By broadening their portfolio to include human-centered issues alongside ecological issues, environmental advocates have a better chance of mobilizing a wider audience that includes those traditionally underrepresented in environmental coalitions.

“If I’m concerned about whether I can survive in this neighborhood, and people are saying we need to care about the environment because of trees, I may tap out,” Onyeador says. “But if you connect environmental issues to my lived experience—like whether my child will have clean water—then I might feel more motivated.”

Recognize That More People Care about Environmental Issues Than You May Realize

A 2018 study identified a curious paradox: Americans of all races and socioeconomic backgrounds believe that the groups most concerned about the environment are white people, young people, and women, and that racial minorities and low-income people are the least concerned. But public opinion surveys reveal that just the opposite is true: minorities and low-income people are actually the most concerned about the environment.

This misperception, which is likely fueled in part by media representation, may explain much of the lack of diversity in mainstream environmental groups. As Onyeador and her coauthors write, “it is difficult to muster the motivation to work toward a common goal with people you misperceive as not caring about the issue.”

Broadening both our idea of what counts as an environmental issue and our sense of who is a potential environmental advocate “allows [us] to recruit from a broader audience, which brings more attention and more support,” Onyeador says.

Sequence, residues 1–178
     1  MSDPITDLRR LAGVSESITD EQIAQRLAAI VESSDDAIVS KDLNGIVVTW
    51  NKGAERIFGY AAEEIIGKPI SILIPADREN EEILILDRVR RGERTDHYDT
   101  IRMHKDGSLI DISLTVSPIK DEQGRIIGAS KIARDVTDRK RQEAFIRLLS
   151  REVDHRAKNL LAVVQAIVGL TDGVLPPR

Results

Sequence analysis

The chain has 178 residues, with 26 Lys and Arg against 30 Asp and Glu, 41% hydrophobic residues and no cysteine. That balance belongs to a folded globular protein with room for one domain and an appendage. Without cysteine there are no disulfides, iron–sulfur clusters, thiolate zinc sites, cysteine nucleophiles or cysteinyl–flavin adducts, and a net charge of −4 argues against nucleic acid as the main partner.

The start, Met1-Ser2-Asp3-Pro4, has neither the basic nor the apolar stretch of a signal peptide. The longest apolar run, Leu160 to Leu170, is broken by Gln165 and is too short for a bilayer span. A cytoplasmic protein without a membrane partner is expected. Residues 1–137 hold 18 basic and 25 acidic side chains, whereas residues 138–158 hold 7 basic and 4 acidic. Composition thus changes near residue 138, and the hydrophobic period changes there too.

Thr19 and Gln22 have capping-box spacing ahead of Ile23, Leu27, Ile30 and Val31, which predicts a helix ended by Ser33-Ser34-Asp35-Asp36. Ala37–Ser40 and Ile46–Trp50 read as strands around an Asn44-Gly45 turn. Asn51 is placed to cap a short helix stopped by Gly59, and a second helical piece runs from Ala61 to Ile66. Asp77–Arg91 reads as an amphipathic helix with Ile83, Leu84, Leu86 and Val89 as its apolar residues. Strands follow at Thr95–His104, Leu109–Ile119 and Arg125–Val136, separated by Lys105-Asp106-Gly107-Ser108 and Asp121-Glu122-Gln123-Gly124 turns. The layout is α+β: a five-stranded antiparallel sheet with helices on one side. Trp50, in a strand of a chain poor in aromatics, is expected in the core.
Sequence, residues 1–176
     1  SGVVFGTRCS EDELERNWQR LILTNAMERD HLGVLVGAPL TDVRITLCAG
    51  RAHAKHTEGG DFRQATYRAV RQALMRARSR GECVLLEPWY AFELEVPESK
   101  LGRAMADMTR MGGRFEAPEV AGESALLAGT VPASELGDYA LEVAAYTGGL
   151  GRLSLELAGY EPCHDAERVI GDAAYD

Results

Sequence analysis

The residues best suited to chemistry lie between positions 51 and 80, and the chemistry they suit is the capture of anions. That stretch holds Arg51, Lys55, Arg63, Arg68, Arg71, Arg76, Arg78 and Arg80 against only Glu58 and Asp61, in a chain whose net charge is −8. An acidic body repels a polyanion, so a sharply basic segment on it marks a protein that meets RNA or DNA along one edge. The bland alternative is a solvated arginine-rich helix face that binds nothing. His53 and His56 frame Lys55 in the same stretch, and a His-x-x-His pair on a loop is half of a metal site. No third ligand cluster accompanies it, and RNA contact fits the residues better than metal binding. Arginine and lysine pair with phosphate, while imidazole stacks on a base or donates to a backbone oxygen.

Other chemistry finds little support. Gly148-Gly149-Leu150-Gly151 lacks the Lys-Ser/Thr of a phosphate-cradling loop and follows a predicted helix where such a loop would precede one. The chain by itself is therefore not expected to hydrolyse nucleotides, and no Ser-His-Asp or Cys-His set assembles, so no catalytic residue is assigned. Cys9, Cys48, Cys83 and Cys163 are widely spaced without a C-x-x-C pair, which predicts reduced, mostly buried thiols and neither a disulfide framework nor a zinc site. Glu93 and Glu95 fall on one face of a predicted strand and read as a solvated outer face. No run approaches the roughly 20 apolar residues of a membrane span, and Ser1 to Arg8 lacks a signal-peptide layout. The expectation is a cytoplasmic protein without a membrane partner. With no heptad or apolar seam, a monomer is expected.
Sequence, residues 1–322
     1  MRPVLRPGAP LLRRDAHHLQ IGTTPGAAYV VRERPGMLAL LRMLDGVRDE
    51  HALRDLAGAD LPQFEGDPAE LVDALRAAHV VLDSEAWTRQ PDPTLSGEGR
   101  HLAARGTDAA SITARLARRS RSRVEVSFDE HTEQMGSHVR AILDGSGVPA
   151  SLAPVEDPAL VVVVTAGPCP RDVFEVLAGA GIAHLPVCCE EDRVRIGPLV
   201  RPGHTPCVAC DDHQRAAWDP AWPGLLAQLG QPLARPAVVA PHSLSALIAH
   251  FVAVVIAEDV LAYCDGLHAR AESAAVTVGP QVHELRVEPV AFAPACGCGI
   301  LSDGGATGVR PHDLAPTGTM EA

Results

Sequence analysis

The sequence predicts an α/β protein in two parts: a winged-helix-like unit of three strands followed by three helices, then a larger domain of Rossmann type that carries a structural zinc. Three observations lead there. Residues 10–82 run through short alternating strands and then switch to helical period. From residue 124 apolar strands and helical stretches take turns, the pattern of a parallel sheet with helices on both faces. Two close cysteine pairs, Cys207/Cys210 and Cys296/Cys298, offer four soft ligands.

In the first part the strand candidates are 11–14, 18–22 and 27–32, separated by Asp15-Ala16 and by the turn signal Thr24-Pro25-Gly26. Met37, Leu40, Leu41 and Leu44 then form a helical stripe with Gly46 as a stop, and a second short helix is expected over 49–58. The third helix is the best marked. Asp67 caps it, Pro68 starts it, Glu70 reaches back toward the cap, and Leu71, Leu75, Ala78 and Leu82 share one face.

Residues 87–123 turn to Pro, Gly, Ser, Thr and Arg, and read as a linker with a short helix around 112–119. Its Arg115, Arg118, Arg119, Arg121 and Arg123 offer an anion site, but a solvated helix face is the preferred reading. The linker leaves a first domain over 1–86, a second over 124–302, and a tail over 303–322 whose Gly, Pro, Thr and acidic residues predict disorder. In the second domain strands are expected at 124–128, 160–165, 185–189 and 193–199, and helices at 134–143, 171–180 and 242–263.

Unite Corporate Social Responsibility and Environmental Justice Efforts

It’s increasingly common to see companies highlight their environmental-sustainability measures. These efforts typically take a strictly ecological focus—carbon offsets, recycling programs, and the like.

In Onyeador’s view, that’s a missed opportunity: “Companies need to think about broadening the suite of environmental organizations that they’re supporting to include environmental-justice organizations.” For example, instead of simply planting a tree for every item sold, an organization could focus on creating green spaces in neighborhoods that lack them.

Companies also have a self-interest in supporting environmental-justice efforts. Consider the impact that poor air quality or contaminated drinking water can have on an entire region well into the future. As Onyeador points out, “if people have lead in their water and are unable to do well in school, they may never be able to work in your organization.”

Learn from Recent Successes

Amid a sea of disheartening environmental news, Onyeador and her colleagues see encouraging signs that the movement is beginning to succeed at uniting a more diverse coalition. Recent events such as the March for Science and People’s Climate March succeeded in drawing diverse audiences; the youth-led Sunrise Movement has made environmental justice a central component of its advocacy efforts.

The researchers also cite the Flint water crisis as a key moment for the convergence of mainstream environmentalism and environmental justice. The crisis garnered a national outcry—much of which focused on the racial inequality that contributed to the environmental catastrophe. Years of sustained advocacy have resulted in the replacement of some 10,000 lead pipes in 2021 and a $641 million settlement deal for city residents.

It’s not enough to erase the damage done, but it still serves to show the power of a more unified environmental movement.

About the Writer

Susie Allen is a freelance writer in Chicago.

About the Research

Lewis, Neil A, Dorainne J. Dorainne, Ajua Duker, and Ivuoma Ngozi Onyeador. 2021. “Not Seeing Eye to Eye: Challenges to Building Diverse Environmental Coalitions.” Current Opinion in Behavioral Sciences. 42: 60–64.